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Two independent journalists asked for new policies and trainings to protect free speech, among other remedies.

PMG PHOTO: JONATHAN HOUSE - Police face off against protesters in downtwon Portland on June 7., Portland Tribune - News A lawsuit filed in federal court accusing Portland police of intemntionally targetting and attacking those covering the ongoing protests ACLU seeks temporary restraining order protecting reporters, legal observersThis story has been updated to include statements from the reporters involved in the suit.

Independent journalists Cory Elia and Leslie McLam are suing the city of Portland and state of Oregon, among several defendants, in federal court for violating their constitutional rights.

Elia and McLam were arrested while covering a protest against police brutality and militarization on June 30.

In a complaint filed the evening of Wednesday, July 8, Elia and McLam allege that their First, Fourth and Fourteenth Amendment rights were violated during a series of incidents beginning May 31, including being kicked and shoved by police, culminating in their arrests.

Elia is the managing editor of Village Portland, and has reported for KBOO Community Radio and the Portland State University paper the Vanguard. McLam has reported for Village Portland, the Portland Community College student newspaper The Bridge and KBOO Community Radio, according to the complaint.

In a written statement, Elia said as he covered the protests and police reaction, he thought the First Amendment would protect him from the police brutality he said he saw being used against protesters. "I am bringing this lawsuit because the suppressive tactics used by the police to silence journalists is not only a violation of the First Amendment, but an attack on the public's right to be informed of the injustices happening in their own community at the hands of those who are sworn to 'protect and serve.'"

McLam said in a written statement that while city and state government officials have condemned the violence against reporters, nothing is being done. "Night after night, the police continue to target journalists. Night after night, reporters suffer physical and emotional injury by the police. Because the city, the mayor, and other elected officials have failed to hold the police accountable for their unconstitutional actions against the press, I am exercising my constitutional rights to seek redress of my grievances against government actors in federal court."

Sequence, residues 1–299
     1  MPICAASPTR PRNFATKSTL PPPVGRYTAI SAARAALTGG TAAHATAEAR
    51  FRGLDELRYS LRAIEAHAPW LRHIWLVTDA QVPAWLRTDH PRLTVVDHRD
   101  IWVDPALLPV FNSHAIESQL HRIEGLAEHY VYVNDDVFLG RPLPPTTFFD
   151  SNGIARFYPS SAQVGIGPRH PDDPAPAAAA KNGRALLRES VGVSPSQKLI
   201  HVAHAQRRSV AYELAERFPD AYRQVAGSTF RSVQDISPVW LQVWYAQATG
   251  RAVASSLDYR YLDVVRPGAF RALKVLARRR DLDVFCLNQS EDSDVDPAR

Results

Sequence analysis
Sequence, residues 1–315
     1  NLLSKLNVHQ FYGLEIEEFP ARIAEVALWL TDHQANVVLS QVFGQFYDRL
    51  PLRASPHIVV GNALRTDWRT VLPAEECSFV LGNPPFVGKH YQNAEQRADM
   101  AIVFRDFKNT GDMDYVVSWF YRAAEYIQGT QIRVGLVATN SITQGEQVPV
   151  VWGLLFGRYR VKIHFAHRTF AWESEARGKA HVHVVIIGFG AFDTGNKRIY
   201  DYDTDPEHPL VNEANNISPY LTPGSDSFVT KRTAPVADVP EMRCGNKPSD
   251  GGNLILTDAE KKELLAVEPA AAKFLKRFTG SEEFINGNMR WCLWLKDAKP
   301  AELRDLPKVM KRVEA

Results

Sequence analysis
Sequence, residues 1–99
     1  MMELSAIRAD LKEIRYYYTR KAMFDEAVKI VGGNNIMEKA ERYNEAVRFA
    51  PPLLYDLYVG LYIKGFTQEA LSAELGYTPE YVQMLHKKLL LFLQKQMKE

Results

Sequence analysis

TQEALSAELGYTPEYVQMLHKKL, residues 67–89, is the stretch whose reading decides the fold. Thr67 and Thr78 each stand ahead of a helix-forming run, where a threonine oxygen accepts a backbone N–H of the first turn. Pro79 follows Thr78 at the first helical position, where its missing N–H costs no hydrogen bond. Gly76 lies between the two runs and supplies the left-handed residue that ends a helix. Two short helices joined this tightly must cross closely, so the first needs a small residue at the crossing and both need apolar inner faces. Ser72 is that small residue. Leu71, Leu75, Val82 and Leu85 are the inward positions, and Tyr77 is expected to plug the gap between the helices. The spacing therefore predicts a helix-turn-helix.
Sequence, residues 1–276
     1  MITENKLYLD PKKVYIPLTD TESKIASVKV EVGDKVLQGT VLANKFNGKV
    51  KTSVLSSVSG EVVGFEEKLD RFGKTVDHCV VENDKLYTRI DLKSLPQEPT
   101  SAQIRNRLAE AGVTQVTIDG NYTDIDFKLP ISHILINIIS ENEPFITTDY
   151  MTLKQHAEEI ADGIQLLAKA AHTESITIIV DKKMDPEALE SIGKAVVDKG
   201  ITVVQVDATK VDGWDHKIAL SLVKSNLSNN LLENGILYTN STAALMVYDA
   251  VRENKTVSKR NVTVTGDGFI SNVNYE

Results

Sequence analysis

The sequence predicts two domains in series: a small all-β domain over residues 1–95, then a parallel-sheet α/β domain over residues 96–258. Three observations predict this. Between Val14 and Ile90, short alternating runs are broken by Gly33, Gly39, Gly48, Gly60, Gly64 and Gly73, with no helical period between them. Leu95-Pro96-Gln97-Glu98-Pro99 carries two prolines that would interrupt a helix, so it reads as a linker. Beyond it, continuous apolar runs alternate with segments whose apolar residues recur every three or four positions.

The night they were arrested, McLam and Elia were live-streaming a protest in North Portland on June 30, according to the complaint. Both were carrying press identification.

Police officers allegedly "descended upon" Elia after he recognized Portland Police Officer John Bartlett standing in a police line from a previous protest. Elia alleged that he did not resist arrest but officers knelt on his shins and kicked him in the scrotum before being handcuffed.

McLam saw Elia being arrested, allegedly yelled that he was a journalist and filmed the officers arresting Elia from a crosswalk, the complaint states. Six police officers allegedly then tackled her to the ground.

As McLam yelled that she was a member of the press doing her job, the complaint alleges that officers kicked and punched her, and one officer "attempted to wrestle her phone from her grip."

Both Elia and McLam were taken to the Multnomah County Detention Center in the early morning of July 1, where Elia alleges no one was wearing masks, and after asking the sheriffs why multiple times, one said, "Shut the f--- up."

Elia allegedly was held in isolation for part of the night. Elia alleged he had a panic attack while in the cell, causing vomiting, claustrophobia and heart palpitations, and he didn't receive medical attention for half an hour.

McLam allegedly was in isolation for most of her arrest, according to court documents, in a cell that appeared to be covered in "dried, sticky vomit and smeared feces." She wasn't given a change of clothes, and when her menstrual cycle began early, she could not get a pad for half an hour, though her cell did not have toilet paper or running water.

Elia was released at 11:30 a.m. on July 1 and charged with interfering with a peace/parole and probation officer, resisting arrest, first degree disorderly conduct and assaulting a public safety officer, according to the complaint. His trial is scheduled for September.

McLam was not released until 6:30 p.m. the same day, though she was not charged with a crime, according to the complaint. A sheriff allegedly said he gave her a $825 debit card for her bail money and $75 cash she had when she was arrested, but the card was not folded in the receipt, as she allegedly believed.

Elia and McLam seek a declaration that the actions taken against them by law enforcement were unconstitutional and a restraining order preventing police from "engaging in unconstitutional conduct targeting journalists," according to the complaint.

In addition, they asked that written policies be created or supplemented "to ensure that those engaging in political speech are treated fairly and with respect and are not discriminated against or retaliated against because of their protected speech" and training on the First and Fourth Amendments, crowd deceleration and the history of the free press.

They also asked for an unspecified amount of money in economic and noneconomic damages, as well as punitive damages.

Other defendants listed include Portland Mayor Ted Wheeler, former Police Chief Jami Resch and current Police Chief Chuck Lovell, as well as Officer Bartlett and several other Portland police, state troopers and deputy sheriffs.

A similar suit, representing six journalists and legal observers, was filed June 28 against the city of Portland.

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